Emily Dickinson Finger Puppet and Refrigerator Magnet - By The Unemployed Philosophers Guild
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- HISTORICAL AND ADORABLE - Each of our finger puppets bears the likeness of one historical, literary, political, or pop-culture figure. See the product description below for more info.
- A PUPPET AND A MAGNET - Our 4" tall polyester puppets double as delightful fridge magnets thanks to the magnet in their heads. We thought so already, but each one truly is a magnetic personality.
- EDUCATIONAL AND CHILD SAFE - Every puppet comes with a removable fold out tag that displays a portrait, a quote, and a brief summary of that character or historical figure's life and major contributions. They are child safe, and recommended for ages 5 and up.
- A PERFECT GIFT - For someone who has everything, why not a cute puppet of their most beloved personality. We have over 100 different puppets. Whether it's the Batman fan, or diehard Hannah Arendt enthusiast in your life, we have something for everyone.
- FROM THE UNEMPLOYED PHILOSOPHERS GUILD - Don't worry. We are employed, just not as philosophers. We're a small, Brooklyn based company specializing in gifts for the sophisticated gift giver.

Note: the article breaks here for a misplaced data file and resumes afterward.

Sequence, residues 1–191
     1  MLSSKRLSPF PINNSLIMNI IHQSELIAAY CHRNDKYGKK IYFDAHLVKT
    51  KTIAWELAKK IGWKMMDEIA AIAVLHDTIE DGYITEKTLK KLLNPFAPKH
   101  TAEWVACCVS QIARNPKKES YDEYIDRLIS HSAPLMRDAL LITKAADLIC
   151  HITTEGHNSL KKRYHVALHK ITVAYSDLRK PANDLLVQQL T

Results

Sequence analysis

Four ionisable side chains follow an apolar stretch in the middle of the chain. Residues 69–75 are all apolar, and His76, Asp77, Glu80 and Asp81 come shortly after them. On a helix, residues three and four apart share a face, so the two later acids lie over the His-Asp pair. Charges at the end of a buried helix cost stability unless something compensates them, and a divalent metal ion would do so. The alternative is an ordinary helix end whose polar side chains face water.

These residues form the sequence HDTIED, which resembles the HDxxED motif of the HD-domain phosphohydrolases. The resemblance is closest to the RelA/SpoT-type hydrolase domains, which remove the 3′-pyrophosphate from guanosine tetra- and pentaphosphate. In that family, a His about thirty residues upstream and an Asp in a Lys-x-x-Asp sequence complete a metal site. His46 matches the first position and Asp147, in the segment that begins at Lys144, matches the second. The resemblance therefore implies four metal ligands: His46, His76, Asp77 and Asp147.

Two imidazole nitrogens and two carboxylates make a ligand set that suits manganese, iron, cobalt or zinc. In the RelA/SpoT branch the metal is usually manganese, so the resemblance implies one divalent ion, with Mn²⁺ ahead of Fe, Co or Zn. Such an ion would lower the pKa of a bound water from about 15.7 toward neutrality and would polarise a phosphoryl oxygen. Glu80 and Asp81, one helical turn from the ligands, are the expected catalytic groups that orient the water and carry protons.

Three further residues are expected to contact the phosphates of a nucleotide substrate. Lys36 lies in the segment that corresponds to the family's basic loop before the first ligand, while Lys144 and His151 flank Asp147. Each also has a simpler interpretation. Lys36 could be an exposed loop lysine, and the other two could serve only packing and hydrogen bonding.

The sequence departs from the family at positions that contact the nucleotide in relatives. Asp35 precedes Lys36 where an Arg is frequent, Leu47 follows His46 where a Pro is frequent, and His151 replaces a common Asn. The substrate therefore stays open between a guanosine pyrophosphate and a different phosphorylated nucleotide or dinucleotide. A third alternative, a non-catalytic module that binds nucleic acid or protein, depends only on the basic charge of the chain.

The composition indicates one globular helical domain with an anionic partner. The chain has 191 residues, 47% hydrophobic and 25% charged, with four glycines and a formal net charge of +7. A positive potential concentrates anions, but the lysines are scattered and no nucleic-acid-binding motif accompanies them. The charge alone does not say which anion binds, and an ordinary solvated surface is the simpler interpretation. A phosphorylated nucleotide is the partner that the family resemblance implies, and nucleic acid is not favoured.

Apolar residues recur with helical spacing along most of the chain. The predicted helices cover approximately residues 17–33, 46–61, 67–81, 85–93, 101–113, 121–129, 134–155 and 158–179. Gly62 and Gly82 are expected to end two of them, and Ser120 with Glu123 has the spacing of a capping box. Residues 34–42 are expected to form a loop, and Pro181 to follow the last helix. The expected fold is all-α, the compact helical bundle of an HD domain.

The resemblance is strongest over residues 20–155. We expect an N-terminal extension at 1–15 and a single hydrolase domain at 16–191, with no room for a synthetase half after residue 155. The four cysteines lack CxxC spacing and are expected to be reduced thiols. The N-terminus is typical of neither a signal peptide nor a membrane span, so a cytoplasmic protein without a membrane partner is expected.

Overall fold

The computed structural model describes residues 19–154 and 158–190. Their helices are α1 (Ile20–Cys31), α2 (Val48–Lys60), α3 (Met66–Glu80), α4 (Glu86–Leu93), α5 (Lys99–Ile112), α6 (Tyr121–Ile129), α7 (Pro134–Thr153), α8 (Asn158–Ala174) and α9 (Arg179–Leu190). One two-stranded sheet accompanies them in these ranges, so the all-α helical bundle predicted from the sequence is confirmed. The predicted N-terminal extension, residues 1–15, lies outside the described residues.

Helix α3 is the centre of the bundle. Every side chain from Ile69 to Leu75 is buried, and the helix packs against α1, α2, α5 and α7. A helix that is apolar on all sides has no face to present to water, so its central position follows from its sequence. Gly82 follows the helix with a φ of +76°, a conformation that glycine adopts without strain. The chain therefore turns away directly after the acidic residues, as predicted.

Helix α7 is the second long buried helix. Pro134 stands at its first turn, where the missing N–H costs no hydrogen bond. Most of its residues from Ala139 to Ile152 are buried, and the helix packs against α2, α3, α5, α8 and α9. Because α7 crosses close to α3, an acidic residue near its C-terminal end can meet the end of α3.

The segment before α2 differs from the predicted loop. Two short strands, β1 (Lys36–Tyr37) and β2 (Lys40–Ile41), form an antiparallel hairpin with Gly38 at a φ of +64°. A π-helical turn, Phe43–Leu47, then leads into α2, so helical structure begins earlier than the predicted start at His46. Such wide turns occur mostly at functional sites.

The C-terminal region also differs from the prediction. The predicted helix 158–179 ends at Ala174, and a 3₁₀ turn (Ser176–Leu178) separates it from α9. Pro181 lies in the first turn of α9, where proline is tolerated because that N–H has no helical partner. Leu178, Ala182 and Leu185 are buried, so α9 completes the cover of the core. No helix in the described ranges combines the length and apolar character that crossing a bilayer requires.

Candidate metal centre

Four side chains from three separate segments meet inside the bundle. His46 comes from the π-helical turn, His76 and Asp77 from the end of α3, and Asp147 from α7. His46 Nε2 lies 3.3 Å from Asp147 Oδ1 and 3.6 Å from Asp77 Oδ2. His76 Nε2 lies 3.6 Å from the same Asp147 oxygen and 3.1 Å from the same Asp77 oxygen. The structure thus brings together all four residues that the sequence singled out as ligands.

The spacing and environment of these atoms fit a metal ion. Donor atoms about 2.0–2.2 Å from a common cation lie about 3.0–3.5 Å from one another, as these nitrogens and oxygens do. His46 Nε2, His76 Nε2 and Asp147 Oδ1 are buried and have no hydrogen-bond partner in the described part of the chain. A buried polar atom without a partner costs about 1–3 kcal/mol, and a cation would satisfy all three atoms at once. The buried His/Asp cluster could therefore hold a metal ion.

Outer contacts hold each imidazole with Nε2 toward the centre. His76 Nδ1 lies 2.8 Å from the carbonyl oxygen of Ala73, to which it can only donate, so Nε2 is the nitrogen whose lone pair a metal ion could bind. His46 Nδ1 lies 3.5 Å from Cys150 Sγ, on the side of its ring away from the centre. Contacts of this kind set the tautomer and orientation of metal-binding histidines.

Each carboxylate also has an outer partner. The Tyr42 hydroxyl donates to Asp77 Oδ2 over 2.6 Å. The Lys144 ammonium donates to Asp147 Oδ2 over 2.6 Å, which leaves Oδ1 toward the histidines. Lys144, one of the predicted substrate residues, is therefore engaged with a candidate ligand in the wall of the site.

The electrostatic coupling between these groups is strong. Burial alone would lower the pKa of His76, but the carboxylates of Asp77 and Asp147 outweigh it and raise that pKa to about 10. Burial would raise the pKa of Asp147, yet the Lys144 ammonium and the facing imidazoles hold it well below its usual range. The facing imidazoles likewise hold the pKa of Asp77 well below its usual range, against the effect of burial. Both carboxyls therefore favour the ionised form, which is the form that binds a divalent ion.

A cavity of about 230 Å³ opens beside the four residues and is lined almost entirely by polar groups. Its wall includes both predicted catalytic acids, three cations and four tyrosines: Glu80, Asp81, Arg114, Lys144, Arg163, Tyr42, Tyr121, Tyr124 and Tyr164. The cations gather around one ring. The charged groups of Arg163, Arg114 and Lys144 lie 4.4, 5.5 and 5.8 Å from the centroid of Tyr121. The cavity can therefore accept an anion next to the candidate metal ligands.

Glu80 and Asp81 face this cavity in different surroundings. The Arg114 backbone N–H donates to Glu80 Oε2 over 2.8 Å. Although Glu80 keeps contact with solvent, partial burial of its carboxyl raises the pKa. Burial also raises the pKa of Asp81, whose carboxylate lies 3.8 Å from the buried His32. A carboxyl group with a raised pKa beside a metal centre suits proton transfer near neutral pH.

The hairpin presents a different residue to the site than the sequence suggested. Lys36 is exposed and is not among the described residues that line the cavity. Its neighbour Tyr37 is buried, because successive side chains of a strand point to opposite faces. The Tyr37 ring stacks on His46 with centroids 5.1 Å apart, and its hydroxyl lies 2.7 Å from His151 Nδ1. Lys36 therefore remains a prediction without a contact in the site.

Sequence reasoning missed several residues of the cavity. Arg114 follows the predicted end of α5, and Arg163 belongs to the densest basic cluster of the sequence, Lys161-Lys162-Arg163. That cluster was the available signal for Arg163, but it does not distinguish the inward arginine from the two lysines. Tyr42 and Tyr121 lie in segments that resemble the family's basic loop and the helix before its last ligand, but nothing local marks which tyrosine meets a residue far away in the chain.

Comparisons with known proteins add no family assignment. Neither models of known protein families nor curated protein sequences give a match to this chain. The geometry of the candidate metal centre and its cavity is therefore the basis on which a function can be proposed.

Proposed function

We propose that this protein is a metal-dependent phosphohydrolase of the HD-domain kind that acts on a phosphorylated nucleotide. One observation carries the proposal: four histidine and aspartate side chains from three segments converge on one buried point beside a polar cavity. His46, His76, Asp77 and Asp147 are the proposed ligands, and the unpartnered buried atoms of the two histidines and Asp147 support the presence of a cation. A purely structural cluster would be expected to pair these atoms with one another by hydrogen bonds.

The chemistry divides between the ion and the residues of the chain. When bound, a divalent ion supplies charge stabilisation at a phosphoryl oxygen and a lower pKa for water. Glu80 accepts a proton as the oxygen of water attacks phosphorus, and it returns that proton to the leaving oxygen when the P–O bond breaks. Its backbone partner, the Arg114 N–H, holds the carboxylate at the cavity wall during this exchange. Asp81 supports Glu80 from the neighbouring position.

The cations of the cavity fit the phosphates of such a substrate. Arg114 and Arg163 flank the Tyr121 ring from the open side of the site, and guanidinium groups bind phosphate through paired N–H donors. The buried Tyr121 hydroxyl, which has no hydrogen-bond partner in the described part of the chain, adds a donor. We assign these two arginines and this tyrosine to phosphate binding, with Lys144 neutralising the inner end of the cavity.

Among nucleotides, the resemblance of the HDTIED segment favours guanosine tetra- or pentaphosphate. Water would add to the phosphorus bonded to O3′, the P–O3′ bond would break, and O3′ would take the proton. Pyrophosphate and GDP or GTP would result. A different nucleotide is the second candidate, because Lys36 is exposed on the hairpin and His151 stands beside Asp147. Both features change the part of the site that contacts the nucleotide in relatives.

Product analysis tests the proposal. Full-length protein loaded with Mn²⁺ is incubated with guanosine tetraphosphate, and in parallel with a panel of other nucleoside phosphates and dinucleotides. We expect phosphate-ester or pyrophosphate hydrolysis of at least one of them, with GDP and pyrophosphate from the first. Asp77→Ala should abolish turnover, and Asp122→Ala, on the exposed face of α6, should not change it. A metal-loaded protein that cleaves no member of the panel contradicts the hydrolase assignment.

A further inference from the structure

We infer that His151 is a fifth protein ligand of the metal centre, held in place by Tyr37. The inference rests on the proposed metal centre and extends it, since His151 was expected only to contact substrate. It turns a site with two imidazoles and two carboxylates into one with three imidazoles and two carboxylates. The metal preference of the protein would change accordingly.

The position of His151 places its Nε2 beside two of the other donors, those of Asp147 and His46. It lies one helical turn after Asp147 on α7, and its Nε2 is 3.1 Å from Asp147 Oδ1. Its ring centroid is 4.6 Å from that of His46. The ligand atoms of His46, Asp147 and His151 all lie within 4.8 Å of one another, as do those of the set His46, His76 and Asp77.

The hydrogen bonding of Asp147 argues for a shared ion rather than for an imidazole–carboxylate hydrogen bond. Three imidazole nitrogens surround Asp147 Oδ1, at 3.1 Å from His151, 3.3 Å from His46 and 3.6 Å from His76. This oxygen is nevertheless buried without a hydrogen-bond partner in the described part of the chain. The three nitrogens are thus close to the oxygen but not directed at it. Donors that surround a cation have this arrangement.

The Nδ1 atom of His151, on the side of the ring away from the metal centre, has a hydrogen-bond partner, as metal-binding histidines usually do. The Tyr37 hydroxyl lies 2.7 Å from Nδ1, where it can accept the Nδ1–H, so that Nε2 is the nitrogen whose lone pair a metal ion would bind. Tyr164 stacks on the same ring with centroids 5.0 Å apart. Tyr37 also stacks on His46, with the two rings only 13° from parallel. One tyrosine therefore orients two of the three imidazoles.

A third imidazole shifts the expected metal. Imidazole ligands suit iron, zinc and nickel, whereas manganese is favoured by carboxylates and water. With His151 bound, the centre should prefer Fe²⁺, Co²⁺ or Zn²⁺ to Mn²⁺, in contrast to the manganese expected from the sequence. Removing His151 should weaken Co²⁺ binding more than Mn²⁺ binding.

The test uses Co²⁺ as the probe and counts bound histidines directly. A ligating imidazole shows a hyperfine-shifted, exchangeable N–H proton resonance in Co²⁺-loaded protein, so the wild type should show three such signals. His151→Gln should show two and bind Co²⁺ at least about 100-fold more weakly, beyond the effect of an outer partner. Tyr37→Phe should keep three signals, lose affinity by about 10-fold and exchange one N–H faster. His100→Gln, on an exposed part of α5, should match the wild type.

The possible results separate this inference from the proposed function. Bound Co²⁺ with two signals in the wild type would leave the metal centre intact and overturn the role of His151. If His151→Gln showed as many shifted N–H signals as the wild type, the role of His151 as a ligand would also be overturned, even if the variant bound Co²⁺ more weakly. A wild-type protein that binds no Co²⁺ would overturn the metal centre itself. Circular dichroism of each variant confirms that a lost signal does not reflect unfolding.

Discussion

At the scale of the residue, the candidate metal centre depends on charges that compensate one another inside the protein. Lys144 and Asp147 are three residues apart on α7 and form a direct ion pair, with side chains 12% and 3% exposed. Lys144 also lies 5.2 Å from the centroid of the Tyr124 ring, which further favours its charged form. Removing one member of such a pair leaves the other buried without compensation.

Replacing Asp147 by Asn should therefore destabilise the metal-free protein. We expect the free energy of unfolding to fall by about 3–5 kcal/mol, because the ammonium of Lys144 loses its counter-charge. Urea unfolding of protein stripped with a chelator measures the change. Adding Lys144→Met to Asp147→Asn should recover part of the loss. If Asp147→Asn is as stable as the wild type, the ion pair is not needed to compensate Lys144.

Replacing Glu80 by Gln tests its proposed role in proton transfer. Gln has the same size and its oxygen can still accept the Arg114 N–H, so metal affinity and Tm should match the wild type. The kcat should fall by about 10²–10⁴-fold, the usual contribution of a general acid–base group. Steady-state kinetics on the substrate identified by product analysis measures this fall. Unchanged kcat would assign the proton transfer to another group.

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Approx. 4" tall.
Brought to You by The Unemployed Philosophers Guild
The origins of the Unemployed Philosophers Guild are shrouded in mystery. Some accounts trace the Guild's birth to Athens in the latter half of the 4th century BCE. Allegedly, several lesser philosophers grew weary of the endless Socratic dialogue endemic in their trade and turned to crafting household implements and playthings. (Hence the assertions that Socrates quaffed his hemlock poison from a Guild-designed chalice, though vigorous debate surrounds the question of whether it was a "disappearing" chalice.)
Others argue that the UPG dates from the High Middle Ages, when the Philosophers Guild entered the world of commerce by selling bawdy pamphlets to pilgrims facing long lines for the restroom. Business boomed until 1211 when Pope Innocent III condemned the publications. Not surprisingly, this led to increased sales, even as half our membership was burned at the stake.
More recently, revisionist historians have pinpointed the birth of the Guild to the time it was still cool to live in New York City's Lower East Side. Two brothers turned their inner creativity and love of paying rent towards fulfilling the people's needs for finger puppets, warm slippers, coffee cups, and cracking up at stuff.